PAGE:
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On Monday evening, Student Government (SG) held a town hall to discuss the future of the Judicial Branch after proposed legislation would remove the conduct board from Student Body Statutes. The conduct board currently does not overlap or oversee the legislative and executive branches of SG and their duties.

When the government bill was up for second reading at the Senate meeting on Oct. 30, many senators were weary of the bill arguing that a judicial branch that has oversight over the two other branches should exist.

According to Coleman Simpson, first-year graduate student in agricultural leadership and senator, the point of the town halls are to collect feedback from members of SG, the student body and other external bodies on what should happen to the judicial branch once they leave.

“These town halls are going to serve as that informational facilitative discussion-based body,” Simpson said. “These town halls are the public forum for that discussion because another issue was student senators and other students perceived that these conversations were not held in public spaces. So we are being very intentional with how we are doing that.”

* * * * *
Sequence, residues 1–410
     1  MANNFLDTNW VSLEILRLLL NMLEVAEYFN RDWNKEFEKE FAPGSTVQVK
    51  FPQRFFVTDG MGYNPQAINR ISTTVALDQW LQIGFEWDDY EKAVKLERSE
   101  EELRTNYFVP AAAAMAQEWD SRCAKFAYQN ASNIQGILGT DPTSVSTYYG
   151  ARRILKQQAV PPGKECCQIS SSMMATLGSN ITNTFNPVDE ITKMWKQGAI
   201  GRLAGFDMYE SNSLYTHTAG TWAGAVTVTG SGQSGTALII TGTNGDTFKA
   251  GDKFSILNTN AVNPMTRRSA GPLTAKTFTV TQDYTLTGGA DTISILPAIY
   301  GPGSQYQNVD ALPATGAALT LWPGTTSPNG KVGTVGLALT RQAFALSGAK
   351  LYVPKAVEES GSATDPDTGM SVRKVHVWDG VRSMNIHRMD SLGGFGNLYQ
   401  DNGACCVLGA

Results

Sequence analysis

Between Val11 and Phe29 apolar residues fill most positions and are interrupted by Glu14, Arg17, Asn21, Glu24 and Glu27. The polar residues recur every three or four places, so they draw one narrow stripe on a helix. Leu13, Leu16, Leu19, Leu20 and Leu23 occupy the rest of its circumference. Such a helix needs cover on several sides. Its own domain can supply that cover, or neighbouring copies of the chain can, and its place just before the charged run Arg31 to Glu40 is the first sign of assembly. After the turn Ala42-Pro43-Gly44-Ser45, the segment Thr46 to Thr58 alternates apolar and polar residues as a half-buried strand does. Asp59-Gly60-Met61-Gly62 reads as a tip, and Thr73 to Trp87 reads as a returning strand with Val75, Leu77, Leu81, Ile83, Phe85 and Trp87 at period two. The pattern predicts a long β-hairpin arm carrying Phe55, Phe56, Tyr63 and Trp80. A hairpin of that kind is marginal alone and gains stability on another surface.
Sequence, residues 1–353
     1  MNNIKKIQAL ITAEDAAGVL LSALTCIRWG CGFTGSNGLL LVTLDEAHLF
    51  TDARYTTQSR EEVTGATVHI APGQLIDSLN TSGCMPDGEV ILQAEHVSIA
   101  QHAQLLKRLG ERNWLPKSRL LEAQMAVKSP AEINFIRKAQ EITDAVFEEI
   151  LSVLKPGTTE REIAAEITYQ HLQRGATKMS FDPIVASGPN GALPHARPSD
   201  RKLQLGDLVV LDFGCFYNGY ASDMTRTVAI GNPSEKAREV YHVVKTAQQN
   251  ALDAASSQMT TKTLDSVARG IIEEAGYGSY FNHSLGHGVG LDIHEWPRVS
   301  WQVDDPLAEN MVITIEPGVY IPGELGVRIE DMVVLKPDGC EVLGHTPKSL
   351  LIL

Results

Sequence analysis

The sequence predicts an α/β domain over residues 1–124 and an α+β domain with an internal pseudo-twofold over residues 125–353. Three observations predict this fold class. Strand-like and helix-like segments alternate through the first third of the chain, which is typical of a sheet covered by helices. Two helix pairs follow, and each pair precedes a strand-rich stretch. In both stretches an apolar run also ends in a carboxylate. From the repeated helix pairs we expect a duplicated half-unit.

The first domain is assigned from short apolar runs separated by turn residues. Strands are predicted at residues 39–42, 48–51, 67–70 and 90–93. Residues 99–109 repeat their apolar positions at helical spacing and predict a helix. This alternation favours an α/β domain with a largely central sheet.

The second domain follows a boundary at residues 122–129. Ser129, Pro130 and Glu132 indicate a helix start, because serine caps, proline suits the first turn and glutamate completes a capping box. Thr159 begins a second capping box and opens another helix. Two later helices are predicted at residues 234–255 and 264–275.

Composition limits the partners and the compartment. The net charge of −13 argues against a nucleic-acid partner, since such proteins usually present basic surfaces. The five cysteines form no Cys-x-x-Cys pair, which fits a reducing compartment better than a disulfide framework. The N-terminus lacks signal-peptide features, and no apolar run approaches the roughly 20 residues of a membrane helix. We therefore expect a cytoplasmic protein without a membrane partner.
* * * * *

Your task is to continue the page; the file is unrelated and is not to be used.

Simpson said there weren’t specific ideas that were going to be posed, rather that proposals of the Judicial Branch’s future would be generated and discussed at the town halls.

“The big goal of the town hall is that we don’t start out with a finite proposal and idea,” Simpson said. “Instead we start with creative, open discussions as to how Student Government operates, how we view oversight and accountability and what we’re not focusing on currently in Student Government that another body could fill. And then creating a judicial body or branch that fits within that scope.” 

All of the attendees of the town hall were members of SG. They discussed the overall structure and culture of SG and Senate and whether or not a judicial branch is necessary in order for the other branches to operate. 

Molly Vanhoy, second-year in microbiology and senator for the College of Sciences, summarized the four major options that have been discussed, stating that the current ideas were to have no Judicial Branch at all, keeping the Judicial Branch as it is, having a separate Judicial Branch with the Senate Government Relations and Oversight (GRO) committee operating inside of Senate and having a separate Judicial Branch that is made up of GRO members.

Miles Calzini, a second-year Ph.D. in chemistry and graduate student senator, also discussed the option of creating an Ad Hoc committee within the Senate if an oversight committee was necessary.

No decision was made about the future of the Judicial Branch, but there will be two more town halls that are open to the public, the next one being on Dec. 3 from 3:00-6:00 p.m. Following that, the third town hall meeting and first committee meeting will be the week of Jan. 6 and the first reading of all applicable legislation. The committee will then meet again the week of Jan. 20, and Jan. 27 is the proposed date for second reading of legislation.

If the legislation moves to change the Student Government constitution, a referendum will be voted on by the student body during the Spring Election.